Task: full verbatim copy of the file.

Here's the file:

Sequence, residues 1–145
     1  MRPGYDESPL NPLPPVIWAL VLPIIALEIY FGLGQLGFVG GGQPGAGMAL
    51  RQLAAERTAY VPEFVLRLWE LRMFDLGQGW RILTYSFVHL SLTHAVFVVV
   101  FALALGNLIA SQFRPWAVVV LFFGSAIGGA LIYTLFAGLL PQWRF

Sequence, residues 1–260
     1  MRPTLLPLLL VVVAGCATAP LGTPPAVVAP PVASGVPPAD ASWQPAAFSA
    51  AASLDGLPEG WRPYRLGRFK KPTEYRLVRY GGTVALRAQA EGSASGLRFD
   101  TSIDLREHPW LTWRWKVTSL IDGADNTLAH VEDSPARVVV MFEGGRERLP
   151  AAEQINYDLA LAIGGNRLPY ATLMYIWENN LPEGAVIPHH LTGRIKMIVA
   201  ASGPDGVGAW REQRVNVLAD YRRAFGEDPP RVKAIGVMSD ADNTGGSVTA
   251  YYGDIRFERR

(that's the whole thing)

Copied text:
Sequence, residues 1–145
     1  MRPGYDESPL NPLPPVIWAL VLPIIALEIY FGLGQLGFVG GGQPGAGMAL
    51  RQLAAERTAY VPEFVLRLWE LRMFDLGQGW RILTYSFVHL SLTHAVFVVV
   101  FALALGNLIA SQFRPWAVVV LFFGSAIGGA LIYTLFAGLL PQWRF

Sequence, residues 1–260
     1  MRPTLLPLLL VVVAGCATAP LGTPPAVVAP PVASGVPPAD ASWQPAAFSA
    51  AASLDGLPEG WRPYRLGRFK KPTEYRLVRY GGTVALRAQA EGSASGLRFD
   101  TSIDLREHPW LTWRWKVTSL IDGADNTLAH VEDSPARVVV MFEGGRERLP
   151  AAEQINYDLA LAIGGNRLPY ATLMYIWENN LPEGAVIPHH LTGRIKMIVA
   201  ASGPDGVGAW REQRVNVLAD YRRAFGEDPP RVKAIGVMSD ADNTGGSVTA
   251  YYGDIRFERR